Our sixth nominee for the Living on the Earth Award is Toby Hemenway, author of the permaculture classic Gaia’s Garden, as well as numerous articles on, and teacher of workshops on, permaculture and sustainability.
I met Toby when I performed a Music from Living on the Earth show at Center of Conscious Oneness, a beautiful performance space at the Pangaia commune in Puna, on the Big Island. Toby was on the island to teach a permaculture course at La’akea Gardens, and he invited me to perform the show for his students a week later. Toby and I traded books, and I became an instant fan of Gaia’s Garden. At La’akea Gardens I met permaculture teachers Ryan Holt and Tara Robinson, who came to my home in Puna and planted a food forest and perennial vegetables for me, bringing the permaculture principles to life right in my own back yard.
Toby’s book Gaia’s Garden surrounds the reader with rich and instructive images from his country farm in Oregon and from others he knows. My favorite story in his book is of two brothers who remove a cement sea wall from their land, causing a natural wetlands to return. Soon cattails grow, and the brothers enjoy cooking with them. Then the cattails disappear, and the brothers realize the abundant cattails have attracted muskrats. Instead of fighting off the the muskrats, they wait and observe, and eventually the cattails return, along with a population of sea otters who are feeding on the muskrats. Later, they see an eagle hunting for muskrats and otters, a sight unknown for decades in those parts. By removing the cement sea wall they unleashed a cascade of bio-diversity.
In Toby’s gardens, plants radiate from the home in zones, with those that require the most supervision closest to the doors, and those requiring the least farthest away. Plants are grouped together in “guilds” to benefit one another, planted not only to benefit people, but also to feed the local wildlife, including insects and birds, to fix nitrogen and minerals in the soil, and to provide beauty and shade.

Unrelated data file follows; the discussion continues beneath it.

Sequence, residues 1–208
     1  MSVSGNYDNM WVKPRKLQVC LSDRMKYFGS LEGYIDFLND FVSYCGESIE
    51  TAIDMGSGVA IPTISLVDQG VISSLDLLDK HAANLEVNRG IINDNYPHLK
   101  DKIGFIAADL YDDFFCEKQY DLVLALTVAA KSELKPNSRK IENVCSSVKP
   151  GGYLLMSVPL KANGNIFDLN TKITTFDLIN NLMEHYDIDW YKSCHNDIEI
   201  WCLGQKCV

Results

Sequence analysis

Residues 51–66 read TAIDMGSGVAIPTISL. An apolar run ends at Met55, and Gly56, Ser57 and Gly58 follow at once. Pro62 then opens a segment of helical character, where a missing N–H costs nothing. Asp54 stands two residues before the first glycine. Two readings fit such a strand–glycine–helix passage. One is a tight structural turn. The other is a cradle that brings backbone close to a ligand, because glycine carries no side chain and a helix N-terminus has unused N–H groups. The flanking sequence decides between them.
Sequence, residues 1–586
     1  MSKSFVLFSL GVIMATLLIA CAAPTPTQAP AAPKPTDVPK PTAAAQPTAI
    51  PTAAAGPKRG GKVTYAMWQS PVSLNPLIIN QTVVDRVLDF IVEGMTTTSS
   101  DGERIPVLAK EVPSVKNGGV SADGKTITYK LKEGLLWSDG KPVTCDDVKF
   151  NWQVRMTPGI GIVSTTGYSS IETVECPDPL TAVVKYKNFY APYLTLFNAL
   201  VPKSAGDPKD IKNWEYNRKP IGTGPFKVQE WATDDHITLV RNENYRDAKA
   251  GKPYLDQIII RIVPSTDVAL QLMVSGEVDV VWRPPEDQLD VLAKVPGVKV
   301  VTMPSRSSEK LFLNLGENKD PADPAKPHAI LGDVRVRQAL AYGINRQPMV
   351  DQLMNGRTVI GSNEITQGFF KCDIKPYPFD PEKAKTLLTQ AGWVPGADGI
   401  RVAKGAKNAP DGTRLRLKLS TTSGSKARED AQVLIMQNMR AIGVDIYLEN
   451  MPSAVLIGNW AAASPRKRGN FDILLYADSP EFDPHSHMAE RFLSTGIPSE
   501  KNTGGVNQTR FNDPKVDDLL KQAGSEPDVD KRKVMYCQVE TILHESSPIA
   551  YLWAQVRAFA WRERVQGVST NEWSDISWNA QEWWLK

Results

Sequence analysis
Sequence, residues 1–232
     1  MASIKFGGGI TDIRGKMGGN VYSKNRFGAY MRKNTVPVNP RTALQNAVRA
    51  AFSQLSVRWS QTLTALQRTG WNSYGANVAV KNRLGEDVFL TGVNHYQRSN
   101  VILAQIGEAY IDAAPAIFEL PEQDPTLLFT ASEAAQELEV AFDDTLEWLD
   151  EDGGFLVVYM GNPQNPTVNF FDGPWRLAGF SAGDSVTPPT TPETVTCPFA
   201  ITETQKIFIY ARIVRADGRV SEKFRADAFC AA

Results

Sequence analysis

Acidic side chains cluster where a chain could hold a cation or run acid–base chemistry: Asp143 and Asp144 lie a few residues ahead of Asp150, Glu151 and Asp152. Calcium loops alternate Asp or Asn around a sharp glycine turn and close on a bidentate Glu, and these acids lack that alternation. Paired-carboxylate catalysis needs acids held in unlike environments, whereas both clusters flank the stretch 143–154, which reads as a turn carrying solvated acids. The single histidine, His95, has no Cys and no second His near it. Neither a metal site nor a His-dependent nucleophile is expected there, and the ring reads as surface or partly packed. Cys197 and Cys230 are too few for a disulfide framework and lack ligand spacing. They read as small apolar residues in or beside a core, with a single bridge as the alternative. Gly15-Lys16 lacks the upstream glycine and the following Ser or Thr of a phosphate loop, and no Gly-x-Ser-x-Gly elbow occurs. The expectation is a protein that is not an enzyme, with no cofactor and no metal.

Toby’s gardens begin with sheet mulching, which is layering soil-building materials and leaving them to disintegrate naturally, so that the small denizens of the soil will live undisturbed by metal blades and better do their part in enriching the soil. All creatures, including insects and other arthropods, have their rightful place in a permaculture garden, and a job to do in building the biomass from which gardens and orchards grow.
Last year, Toby wrote about the fantasy versus the reality of sustainable living in the country. He realized that when petroleum becomes scarce and super-expensive, farming will not be a better way to survive, since farmers actually drive farther than urban dwellers, and use products that must be delivered far from the central distribution centers in cities. He noticed that his rural neighbors did not share his beliefs about preserving the environment and interacting peacefully. So Toby and his wife moved to Portland, and have been enjoying an urban permaculture environment as well as goodhearted neighbors who share their ideals.
Back in the 1960’s, Paolo Soleri had much the same idea: that the ecological footprint of a city dweller is much smaller than that of a country dweller, and that vertical cities save horizontal open spaces from being paved.